“Dingle,” I said.
“Has any a' them seen you with us? Besides them two I just kilt, I mean.”
“I don't think so.”
“Then you'd oughta be safe out there. I want you to go back over to the Hooch House and set in a corner and keep your eyes and ears open. If anything happens that hadn't ought to, come back over here and tell me.”
“I'll do it,” he said, and he headed for the door.
“Wait a minute,” I said. I got up and tuck a Webley Bulldog pocket pistol outta my gun rack and I dropped it into his coat pocket. “Go out the back door,” I said.
“Okay.” He turned and went out through the back room. He was a-carrying his notepad with him.
Polly said, “Barjack, will he be all right?”
“I think so,” I said. “They don't know that he's with us. He's just only a scribbler, is all. They won't mess with him.”
“Barjack,” said Sly, “what if I was to slip out the back and sneak around to see if I get a chance to take any of them out, one at a time? Narrow the odds, so to speak.”
I rubbed my chin and give it a thought. It seemed like not a bad idee. “I think there's enough of us in here,” I said. “It sure as hell couldn't hurt nothing. All right. Go on ahead.”
He headed into the back room.
Well, now, let me tell you what. I were uncomfortable. I had ole Butcher up on top a' the jailhouse a-watching, and ole Dingle down at the Hooch House a-watching and a-listening, and now ole Sly out a-hunting lone cowboys to kill, and there I was just a-setting in the office killing time with my rest of the depitties and that damned ole Owl Shit setting in the can. I felt kinda like I had ever'body else out a-doing my work for me. Then I thunk about it a little bit deeperlike. It come to me that maybe that there was just the way it had ought to be. Being town marshal, I had a lot a' responsibilities, and I had the job a' delegating that there responsibility too. You might even say that were the mainest part a' my job. That there delegating. Why, hell, I weren't s'posed to do ever'thing. I felt some better whenever I seen it like that. Yes, sir. It seemed almost like as if I weren't s'posed to do nothing a'tall. I poured myself another glass full a' whiskey and relaxed.
“I wish we could be doing something,” Churkee said all of a sudden.
“We're a-doing all we can do for now,” I said.
“Barjack?” said Happy.
“Do you think we can hold out here against all a' them Chugwater hands till the judge gets here?”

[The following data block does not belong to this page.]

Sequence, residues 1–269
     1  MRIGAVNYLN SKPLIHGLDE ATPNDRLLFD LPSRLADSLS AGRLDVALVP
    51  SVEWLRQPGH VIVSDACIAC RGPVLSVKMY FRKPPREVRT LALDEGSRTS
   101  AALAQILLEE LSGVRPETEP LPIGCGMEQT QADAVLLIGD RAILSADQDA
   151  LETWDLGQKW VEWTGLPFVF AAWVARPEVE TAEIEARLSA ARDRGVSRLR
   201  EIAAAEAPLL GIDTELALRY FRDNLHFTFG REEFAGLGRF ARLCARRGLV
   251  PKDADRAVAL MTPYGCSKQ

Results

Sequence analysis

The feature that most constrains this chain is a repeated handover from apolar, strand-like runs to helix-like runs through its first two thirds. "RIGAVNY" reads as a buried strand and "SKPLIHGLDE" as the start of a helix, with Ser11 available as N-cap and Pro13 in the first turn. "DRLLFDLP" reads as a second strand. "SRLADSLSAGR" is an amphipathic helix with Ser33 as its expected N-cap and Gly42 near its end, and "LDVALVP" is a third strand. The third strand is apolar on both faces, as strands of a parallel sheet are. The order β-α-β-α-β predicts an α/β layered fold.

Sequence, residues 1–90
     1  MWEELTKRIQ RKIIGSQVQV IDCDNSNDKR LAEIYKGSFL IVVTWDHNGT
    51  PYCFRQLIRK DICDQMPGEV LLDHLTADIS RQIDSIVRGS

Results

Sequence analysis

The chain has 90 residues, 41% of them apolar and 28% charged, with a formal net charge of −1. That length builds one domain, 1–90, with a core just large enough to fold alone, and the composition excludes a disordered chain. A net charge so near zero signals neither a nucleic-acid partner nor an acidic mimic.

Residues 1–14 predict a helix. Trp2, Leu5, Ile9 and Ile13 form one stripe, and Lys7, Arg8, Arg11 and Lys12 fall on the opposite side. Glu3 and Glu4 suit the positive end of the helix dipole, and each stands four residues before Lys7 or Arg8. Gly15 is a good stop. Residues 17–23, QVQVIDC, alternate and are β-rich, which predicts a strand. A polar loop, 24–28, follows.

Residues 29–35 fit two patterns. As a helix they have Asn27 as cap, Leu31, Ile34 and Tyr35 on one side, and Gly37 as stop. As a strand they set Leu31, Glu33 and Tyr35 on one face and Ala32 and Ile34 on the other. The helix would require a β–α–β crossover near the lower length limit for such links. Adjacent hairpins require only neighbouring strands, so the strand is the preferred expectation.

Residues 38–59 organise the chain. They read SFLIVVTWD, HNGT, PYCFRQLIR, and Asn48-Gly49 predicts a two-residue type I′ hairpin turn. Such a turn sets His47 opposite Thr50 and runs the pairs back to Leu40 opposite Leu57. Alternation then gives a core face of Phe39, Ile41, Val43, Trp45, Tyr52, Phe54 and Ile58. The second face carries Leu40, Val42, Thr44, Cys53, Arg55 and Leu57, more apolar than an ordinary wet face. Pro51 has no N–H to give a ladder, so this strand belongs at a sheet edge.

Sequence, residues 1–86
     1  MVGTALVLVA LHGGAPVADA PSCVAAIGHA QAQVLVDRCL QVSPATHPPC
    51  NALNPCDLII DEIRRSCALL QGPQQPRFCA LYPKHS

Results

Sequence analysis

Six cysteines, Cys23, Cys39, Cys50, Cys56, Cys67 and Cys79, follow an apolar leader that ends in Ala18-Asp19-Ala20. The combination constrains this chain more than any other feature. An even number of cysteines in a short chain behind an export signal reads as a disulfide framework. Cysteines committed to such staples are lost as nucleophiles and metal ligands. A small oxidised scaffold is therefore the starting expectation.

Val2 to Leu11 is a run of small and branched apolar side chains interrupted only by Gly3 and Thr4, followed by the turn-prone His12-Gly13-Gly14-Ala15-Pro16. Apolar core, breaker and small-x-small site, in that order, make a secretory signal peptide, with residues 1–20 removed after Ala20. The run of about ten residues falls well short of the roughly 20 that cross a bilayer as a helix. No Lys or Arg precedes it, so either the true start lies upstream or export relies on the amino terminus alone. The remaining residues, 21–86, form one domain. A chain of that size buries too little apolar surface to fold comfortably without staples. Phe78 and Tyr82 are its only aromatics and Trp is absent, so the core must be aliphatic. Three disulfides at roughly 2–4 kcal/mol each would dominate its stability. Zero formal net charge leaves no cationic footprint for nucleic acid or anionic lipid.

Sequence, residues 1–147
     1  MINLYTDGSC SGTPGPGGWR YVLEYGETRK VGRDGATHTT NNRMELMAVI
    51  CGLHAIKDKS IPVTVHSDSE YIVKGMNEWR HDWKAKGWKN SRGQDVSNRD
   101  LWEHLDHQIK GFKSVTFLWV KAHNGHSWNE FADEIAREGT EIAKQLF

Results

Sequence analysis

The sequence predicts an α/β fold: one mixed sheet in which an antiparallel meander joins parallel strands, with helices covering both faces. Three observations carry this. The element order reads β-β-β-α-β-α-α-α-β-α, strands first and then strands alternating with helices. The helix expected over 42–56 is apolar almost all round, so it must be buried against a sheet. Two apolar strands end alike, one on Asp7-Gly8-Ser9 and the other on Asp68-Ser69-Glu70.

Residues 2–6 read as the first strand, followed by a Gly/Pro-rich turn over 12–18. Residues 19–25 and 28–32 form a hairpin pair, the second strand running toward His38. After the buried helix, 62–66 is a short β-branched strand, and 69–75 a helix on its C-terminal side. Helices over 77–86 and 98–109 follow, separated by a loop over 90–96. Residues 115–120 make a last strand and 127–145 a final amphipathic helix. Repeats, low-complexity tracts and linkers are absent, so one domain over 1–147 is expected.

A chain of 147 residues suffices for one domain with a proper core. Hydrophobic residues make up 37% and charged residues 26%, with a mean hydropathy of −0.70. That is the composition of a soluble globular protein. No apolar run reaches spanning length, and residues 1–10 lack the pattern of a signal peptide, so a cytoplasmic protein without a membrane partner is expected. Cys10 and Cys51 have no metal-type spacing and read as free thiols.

“Hell, yes,” I said. “We been doing all right so far, ain't we? Ain't we got ole Sly, the widdamaker, with us? And Churkee and Polly over there. Ain't they top guns? And then you and Butcher ain't no slouches. And how about me? Hell, I've got books writ about me, ain't I?”
“Yes, sir,” Happy said.
“Just who the hell is Chugwater anyhow? He's just a old rancher. A cowpuncher. That's all. He ain't nothing to worry about.”
“I guess not,” Happy said. “He's sure got a bunch a' men working for him, and if they ain't enough, he's got the money to hire more whenever he wants to.”
“Hell, I've got money, ain't I? I'm one a' the wealthiest men in Asininity, ain't I? Chugwater ain't got nothing on me. No, sir. He's just got that damn funny name, is all. Chugwater. I don't know if he's named after that damn crick what runs by the edge a' town or if the crick was named after him. I ain't for sure. But that ain't no claim to fame no-how. Chugwater. Named after a crick what's dry for more than half a' the year.”
“Chugwater Crick,” Happy kinda mused. “Funny. I never even thought about that before.”
“Well, you think about it. Don't it seem silly to be a-worrying over a man with a dumb name like that? Chugwater.”
“Barjack, that Chugwater Crick runs through
here from plumb out to Chugwater's ranch, don't it?”
“I reckon it do,” I said.
“That's funny,” he said. “Do you reckon his mama named him Chugwater?”
“How'd I know?”
“Can I say something, Marshal?”
I looked around right quick at Owl Shit there in the cell. It were him what ast that question. “What the hell do you want?” I said.
“I just asked you if I can say something, 'cause I don't want to get no water throwed on me.”
“Go on and say it,” I told him.
“She never done that.”
“Who? What are you talking about?”
“Mama. She never named him Chugwater. What kind of a mama would name a kid Chugwater?”
“She never?” said Happy.
“No. She never.”
“So what the hell did she name him?”
“Charlton,” said Owl Shit.